Huge support from the UK
More than £400m has been raised by the Disasters Emergency Committee (DEC) for Ukraine through its appeal which launched almost 11 months ago.
Donations from community groups, companies, foundations and millions of individual donors from the UK public, makes the DEC the biggest charity donor to the Ukraine humanitarian response in the world, according to UN OCHA’s Financial Tracking Service.
The appeal is second only to its 2004 Boxing Day Tsunami appeal, which raised £668m in today’s money
The first tranche of the appeal funds - £85 million - were spent by 13 DEC member charities in the initial six months.
Almost 60% was spent in Ukraine, the rest in Romania (17%), Poland, (16%) Moldova (4%), Hungary (2%) and on regional initiatives (2%).
Almost half of aid expenditure (47%) was on direct cash payments to aid recipients, followed by food and health support.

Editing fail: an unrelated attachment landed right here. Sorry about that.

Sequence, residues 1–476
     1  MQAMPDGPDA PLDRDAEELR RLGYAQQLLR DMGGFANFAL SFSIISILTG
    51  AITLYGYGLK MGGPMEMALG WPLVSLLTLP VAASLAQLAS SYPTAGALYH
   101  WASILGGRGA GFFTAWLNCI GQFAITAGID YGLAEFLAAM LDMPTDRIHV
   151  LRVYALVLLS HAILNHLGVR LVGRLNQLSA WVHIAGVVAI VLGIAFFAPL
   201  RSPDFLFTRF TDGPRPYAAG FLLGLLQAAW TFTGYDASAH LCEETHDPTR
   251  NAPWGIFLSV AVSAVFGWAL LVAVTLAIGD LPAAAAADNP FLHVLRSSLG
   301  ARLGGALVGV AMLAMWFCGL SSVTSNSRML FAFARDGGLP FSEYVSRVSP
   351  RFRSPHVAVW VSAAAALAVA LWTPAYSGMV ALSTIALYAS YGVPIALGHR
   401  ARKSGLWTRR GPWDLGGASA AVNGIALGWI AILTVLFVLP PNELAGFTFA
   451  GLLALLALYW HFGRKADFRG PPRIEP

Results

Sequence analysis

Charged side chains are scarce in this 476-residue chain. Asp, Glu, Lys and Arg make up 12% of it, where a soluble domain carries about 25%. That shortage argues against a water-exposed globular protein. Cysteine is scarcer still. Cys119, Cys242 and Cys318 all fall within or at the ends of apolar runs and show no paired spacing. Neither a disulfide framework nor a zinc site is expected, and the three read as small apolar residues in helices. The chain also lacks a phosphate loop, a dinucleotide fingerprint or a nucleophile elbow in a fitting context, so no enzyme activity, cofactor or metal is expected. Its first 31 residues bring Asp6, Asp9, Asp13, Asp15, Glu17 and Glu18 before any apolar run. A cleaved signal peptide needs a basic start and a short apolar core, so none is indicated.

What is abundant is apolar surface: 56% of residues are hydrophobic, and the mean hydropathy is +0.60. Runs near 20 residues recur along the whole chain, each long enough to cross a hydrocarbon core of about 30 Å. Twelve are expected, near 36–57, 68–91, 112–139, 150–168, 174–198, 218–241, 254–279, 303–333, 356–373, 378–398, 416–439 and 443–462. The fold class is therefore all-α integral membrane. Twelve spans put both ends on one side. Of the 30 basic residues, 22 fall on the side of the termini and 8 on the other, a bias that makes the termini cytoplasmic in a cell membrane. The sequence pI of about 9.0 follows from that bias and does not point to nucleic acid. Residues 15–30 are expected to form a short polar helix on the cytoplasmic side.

DEC funds also paid for 75,000 trauma kits so that civilians could treat injuries or control bleeding until professional medical equipment could be sought.
DEC chief executive Saleh Saeed said: “The crisis has been so huge, so widespread and so devastating that we wanted to take the time to detail how donations have helped different people at every stage of the year.
“What’s more, the level of funds raised mean that we can keep providing that support, as we know that this crisis is far from over with needs developing and changing all the time as the situation unfolds.
“I’d like to thank each and every person who has donated, fundraised, got their company or organisation involved. The response has been truly remarkable and we are so grateful for the support.”
DEC charities helped with the most pressing needs of food, warm clothes and basic items such as toothbrushes and nappies at border crossings and reception centres, and sorted out temporary and longer-term accommodation.
Later, cash payments allowed refugees to choose to buy what they needed.
DEC charities and their partners have also contributed to preventing large-scale exploitation of vulnerable groups throughout the crisis by providing protection services, supporting the tracking and registration of new arrivals and referring people for further support, said the report.